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Social Media and The Seven Deadly Sins. Part 2: It's Dangerous to Go Alone! Take This

Welcome back to our series on Social Media and The Seven Deadly Sins. In this series, I am sharing summaries of each chapter from my book to spread its key sentiments wider than the Amazon paywall. These blog posts aim to expose the dark side of social media and encourage reflection and change. Join me on this journey of revelation and redemption as we delve into the ethical dilemmas, manipulative tactics, and addictive nature of social media.


Chapter 2

It's Dangerous to Go Alone! Take This

As we embark on this journey through the digital wilderness, it's important to reflect on how we got here. Two decades into a career supporting global brands in their digital endeavours, I find myself pondering the twists and turns that led us to this point.

Born into Generation X, I grew up in a simpler, analogue time. My parents worked full-time jobs, leaving me to my own devices on my beloved BMX bike. We roamed our neighbourhoods, free from the tether of mobile phones and the internet, driven by our imaginations. It was a time when we used red phone boxes and memorised phone numbers, a stark contrast to today’s digital saturation.

My father, a movie lover, took me to see E.T. and Empire Strikes Back, planting the seeds of my fascination with technology and storytelling. My love for gaming blossomed with the Atari 2600, followed by the Nintendo NES and a lifelong devotion to console games like The Legend of Zelda and Mega Man. This love for technology naturally led to an early encounter with the internet.

The first time I logged onto CompuServe with a 56k modem, I was hooked. The symphony of dial-up sounds signified a connection to a vast, unexplored world. As HTML became the language of the web, I discovered tools like Dreamweaver, Director, and Flash, learning to code and create interactive websites. This self-taught journey was fuelled by a passion for photography and multimedia storytelling.

In 1998, I co-founded an online forum called The-Flipside, a community where we shared creativity and discussed global events. This was my introduction to social media, long before Zuckerberg's Facebook. We built a global community, sharing our thoughts, photos, and videos, showcasing the best of the internet without the plague of advertising.

Fast forward to today, and social media is dominated by surveillance capitalism. The data exhaust we leave behind is more valuable than gold, mined by tech giants for profit and control. The dream of a connected world has become a nightmare of data exploitation and privacy erosion.

Consider the “People You May Know” feature on Facebook. While ostensibly a tool to connect with friends, it often suggests connections based on invasive data mining techniques. This feature, created by Facebook's Growth Team, highlights the ethical grey areas of social media growth strategies. It’s a stark reminder of the manipulative power these platforms wield over our personal information.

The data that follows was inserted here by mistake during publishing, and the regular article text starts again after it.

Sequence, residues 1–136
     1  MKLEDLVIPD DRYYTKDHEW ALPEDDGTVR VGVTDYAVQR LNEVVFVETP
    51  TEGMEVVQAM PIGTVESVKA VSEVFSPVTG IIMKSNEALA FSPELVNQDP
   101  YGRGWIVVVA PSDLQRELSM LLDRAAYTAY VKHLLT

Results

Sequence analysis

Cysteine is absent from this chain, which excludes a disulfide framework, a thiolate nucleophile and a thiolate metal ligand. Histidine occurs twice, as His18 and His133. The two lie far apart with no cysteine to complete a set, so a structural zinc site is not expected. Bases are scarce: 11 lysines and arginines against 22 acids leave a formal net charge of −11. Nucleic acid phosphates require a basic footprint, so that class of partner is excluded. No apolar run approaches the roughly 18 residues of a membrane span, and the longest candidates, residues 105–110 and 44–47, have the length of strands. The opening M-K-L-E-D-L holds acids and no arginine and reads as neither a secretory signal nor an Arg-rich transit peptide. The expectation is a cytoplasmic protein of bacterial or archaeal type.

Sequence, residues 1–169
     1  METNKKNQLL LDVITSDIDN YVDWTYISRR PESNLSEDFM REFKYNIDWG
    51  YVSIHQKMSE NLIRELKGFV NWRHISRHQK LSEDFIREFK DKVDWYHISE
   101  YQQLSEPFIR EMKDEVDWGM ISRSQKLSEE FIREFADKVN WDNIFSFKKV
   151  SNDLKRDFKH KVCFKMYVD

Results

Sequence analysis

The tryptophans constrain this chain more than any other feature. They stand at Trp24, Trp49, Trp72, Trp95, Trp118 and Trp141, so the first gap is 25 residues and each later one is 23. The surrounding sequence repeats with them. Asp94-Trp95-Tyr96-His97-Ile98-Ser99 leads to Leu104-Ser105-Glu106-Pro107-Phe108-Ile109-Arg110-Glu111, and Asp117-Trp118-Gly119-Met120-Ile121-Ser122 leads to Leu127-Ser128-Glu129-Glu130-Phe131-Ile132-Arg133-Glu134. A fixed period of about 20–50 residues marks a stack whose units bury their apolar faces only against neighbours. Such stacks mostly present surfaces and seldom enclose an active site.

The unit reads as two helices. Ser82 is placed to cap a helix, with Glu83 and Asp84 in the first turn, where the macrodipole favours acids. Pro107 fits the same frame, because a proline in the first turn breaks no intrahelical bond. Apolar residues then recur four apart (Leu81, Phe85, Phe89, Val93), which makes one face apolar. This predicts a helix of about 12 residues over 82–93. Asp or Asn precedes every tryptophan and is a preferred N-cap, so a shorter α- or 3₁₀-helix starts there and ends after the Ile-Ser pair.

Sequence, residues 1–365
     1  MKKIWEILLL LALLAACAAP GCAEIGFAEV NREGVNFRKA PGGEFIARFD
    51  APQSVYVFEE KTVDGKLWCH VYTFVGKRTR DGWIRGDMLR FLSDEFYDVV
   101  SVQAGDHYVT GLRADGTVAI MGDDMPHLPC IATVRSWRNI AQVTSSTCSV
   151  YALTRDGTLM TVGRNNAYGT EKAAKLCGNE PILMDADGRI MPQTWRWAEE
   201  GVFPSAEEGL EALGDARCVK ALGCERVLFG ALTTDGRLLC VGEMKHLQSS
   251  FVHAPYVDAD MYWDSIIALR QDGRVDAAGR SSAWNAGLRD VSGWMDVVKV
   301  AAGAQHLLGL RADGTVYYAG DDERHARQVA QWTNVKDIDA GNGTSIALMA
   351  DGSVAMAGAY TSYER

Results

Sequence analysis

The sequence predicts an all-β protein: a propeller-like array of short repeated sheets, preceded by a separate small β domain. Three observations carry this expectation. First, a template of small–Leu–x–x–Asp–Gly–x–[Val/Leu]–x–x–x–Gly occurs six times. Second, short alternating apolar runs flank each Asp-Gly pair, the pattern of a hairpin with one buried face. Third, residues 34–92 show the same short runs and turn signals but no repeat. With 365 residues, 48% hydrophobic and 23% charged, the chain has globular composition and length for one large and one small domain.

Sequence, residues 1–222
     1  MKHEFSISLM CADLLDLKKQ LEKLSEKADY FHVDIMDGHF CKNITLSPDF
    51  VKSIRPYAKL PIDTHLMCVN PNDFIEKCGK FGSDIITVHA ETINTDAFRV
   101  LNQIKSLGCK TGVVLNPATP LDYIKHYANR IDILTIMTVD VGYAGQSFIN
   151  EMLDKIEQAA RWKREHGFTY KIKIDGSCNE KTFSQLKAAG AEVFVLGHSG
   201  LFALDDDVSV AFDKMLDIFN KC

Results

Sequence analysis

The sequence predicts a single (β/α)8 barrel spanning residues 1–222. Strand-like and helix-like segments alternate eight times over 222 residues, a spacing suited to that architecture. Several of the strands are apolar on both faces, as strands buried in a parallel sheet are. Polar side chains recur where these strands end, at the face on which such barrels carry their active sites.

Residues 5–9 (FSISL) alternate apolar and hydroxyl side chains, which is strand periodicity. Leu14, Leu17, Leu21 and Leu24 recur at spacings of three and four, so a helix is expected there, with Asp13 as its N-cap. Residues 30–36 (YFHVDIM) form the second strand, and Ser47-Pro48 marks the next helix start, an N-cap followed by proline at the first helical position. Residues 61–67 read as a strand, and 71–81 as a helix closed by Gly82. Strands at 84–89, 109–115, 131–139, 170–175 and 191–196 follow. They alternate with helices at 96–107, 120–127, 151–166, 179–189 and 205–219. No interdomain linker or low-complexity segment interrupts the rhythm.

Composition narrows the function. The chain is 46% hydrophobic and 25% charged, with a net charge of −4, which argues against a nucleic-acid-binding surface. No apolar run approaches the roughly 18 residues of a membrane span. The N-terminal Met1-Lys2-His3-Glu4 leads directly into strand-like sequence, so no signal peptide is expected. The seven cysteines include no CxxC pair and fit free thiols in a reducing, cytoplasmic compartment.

As we ended the year 2020, the storming of the Capitol in Washington DC showcased the darker side of social media. Platforms like Facebook and Twitter, initially champions of free speech, became the organisers and amplifiers of insurrection. The consequences of de-platforming prominent figures raise questions about the balance between free speech and responsible moderation.

Social media addiction is real, driven by the pursuit of likes, shares, and comments. These platforms are designed to keep us hooked, manipulating our psychology with each notification. The algorithms behind them are biased, perpetuating sexism, racism, and misinformation. Sean Parker, Facebook’s founding president, admitted that these applications were built to consume as much of our time and conscious attention as possible, exploiting vulnerabilities in human psychology.

The exponential growth in social media revenue highlights the success of this model. Facebook’s revenue in 2020 was a staggering $86 billion, with 94% of global marketers using the platform. This success, however, comes at the cost of independent journalism and a post-truth world dominated by fake news.

As advertisers compete for dominance, creative and media agencies often struggle to understand and effectively utilise the vast metrics provided by social media platforms. This naivety underscores the need for a deeper understanding of how these platforms manipulate our time and attention.

Time is a precious resource, finite and irreplaceable. The more time we spend on social media, the less we engage with the real world. Campaigns like Ruavieja’s #WeHaveToSeeMoreOfEachOther remind us of the importance of spending time with loved ones rather than staring at screens. Digital wellbeing has become a trend, but true change requires more than surface-level commitments.

Social media has placed creativity in the hands of users, democratising content creation. Yet, it’s also an addiction, a dopamine-driven cycle that keeps us coming back for more. As we navigate this digital landscape, it’s crucial to remember that our time is our most valuable asset. Use it wisely.


Ready to uncover more about the dark side of social media? Continue this journey with my book Social Media and The Seven Deadly Sins. Get your copy now and join the movement to reclaim your digital life.

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